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PC News - August 2017

The Telecommunications Universal Service Obligation

The Commission’s inquiry into the telecommunications universal service obligation (TUSO) found that the TUSO is no longer fit for purpose. Given technological and market developments the Government’s policy objective should be revised.

Market gaps and particular user needs should be addressed via the National Broadband Network and mobile infrastructure instead of the provision of fixed line services.

What is the TUSO?

The TUSO was introduced in the 1990s to provide all Australians with ‘reasonable’ and ‘equitable’ access to a premises-based telephone service and payphones. At the time, telecommunications centred on basic telephones and the sector was being deregulated.

The Australian Government entered into a 20-year contract (concluding in 2032) with Telstra to deliver the TUSO. Under the contract, worth $3 billion in net present value terms, Telstra receives around $300 million annually from the Government ($100 million) and industry ($200 million).

The TUSO has problems and is past its use-by date

Today, consumers are shifting from fixed-voice telephony – the key focus of the TUSO – to mobile services and broadband data use. Service providers are also increasingly providing telecommunications for all media (data, video and voice) simultaneously. These changes are making payphones redundant.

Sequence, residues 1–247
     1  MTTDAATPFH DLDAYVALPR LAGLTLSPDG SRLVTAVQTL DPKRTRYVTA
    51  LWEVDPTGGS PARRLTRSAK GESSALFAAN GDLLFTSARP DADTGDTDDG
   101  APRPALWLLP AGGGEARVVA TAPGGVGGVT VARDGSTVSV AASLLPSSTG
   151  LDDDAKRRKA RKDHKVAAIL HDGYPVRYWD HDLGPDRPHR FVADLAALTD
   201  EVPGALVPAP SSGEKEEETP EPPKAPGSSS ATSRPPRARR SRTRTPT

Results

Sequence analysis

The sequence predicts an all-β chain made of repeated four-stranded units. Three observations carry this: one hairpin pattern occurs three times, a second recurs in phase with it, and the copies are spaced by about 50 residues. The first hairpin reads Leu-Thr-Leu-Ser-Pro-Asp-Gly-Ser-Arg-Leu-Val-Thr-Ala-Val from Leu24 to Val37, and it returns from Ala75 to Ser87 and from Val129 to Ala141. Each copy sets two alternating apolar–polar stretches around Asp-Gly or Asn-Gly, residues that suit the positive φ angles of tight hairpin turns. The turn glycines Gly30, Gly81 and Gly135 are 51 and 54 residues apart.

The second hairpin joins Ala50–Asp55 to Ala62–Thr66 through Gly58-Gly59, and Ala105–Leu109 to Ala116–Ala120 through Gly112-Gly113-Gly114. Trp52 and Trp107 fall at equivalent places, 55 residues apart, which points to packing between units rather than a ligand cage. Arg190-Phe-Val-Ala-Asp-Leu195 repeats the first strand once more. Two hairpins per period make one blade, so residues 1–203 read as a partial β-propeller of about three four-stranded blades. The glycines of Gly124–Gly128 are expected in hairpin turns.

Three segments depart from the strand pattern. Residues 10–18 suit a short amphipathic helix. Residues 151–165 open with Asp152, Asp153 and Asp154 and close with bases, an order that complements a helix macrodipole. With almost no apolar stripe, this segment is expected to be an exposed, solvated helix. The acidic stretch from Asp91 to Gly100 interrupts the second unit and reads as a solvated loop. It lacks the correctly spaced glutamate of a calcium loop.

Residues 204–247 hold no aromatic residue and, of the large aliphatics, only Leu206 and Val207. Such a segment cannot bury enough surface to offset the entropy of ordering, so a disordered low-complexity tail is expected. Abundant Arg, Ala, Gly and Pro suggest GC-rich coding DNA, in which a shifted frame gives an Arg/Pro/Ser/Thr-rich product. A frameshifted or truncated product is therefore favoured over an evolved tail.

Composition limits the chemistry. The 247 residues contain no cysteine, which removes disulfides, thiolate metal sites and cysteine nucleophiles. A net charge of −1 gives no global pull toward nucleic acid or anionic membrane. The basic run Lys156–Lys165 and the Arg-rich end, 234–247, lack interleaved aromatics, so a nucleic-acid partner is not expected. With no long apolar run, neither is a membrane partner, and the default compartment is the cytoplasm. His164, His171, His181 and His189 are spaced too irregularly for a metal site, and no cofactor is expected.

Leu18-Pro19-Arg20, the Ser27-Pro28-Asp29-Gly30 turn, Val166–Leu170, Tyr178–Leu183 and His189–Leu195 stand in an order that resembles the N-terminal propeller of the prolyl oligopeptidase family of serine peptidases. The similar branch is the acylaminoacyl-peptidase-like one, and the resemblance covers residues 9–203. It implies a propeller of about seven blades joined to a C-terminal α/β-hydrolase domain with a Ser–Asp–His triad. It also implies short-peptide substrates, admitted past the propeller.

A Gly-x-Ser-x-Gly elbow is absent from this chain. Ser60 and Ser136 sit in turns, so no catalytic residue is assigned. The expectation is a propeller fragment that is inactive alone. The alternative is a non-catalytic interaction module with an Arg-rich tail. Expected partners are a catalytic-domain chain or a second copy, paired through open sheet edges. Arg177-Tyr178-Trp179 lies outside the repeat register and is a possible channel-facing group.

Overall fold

The TUSO takes a one-size-fits all approach with no contestability in universal service provision, making it out-of-sync with technological and market developments.

Telstra’s contract also suffers from a lack of transparency and accountability. As a consequence, the basis for TUSO funding remains unclear and disputed.

Even so, consumers in regional and remote Australia with no access to mobile services see their landline or an equivalent service as critical, particularly in times of emergency. But the weight of evidence suggests that TUSO costs are likely to be greater than its benefits.

A new universal service objective…

The objective of a universal telecommunications service needs to be modernised – to provide all premises a baseline broadband and voice service that is sufficiently accessible and affordable. Technical baseline standards should be set to meet the basic needs of most Australians.

To do so, the complex mix of regulatory and contractual settings governing voice and broadband service quality needs to be streamlined.

For wholesale providers, baseline standards could be specified under the Government’s proposed legislation that aims to guarantee access to wholesale broadband infrastructure and services. At the retail level, the Government could modify existing consumer protection codes to implement retail baseline standards that complement these wholesale standards.

…will largely be met by the NBN and mobile infrastructure…

The sizable public investment in NBN infrastructure will provide high-speed (voice-capable) broadband to all premises (on request) across Australia by 2020 – of a better quality, for the most part, than what has been available.

Australians are also well served by mobile networks, with over 99 per cent of people having access to mobile services (and to a slightly lesser extent, broadband) where they live.

Increasingly, broadband will be the main medium for voice services. For the vast majority (more than 99 per cent) of premises, having both the NBN and mobile networks is likely to meet or exceed minimum standards. Given these considerations, the TUSO should be wound up following the full rollout of the NBN (expected to be in 2020).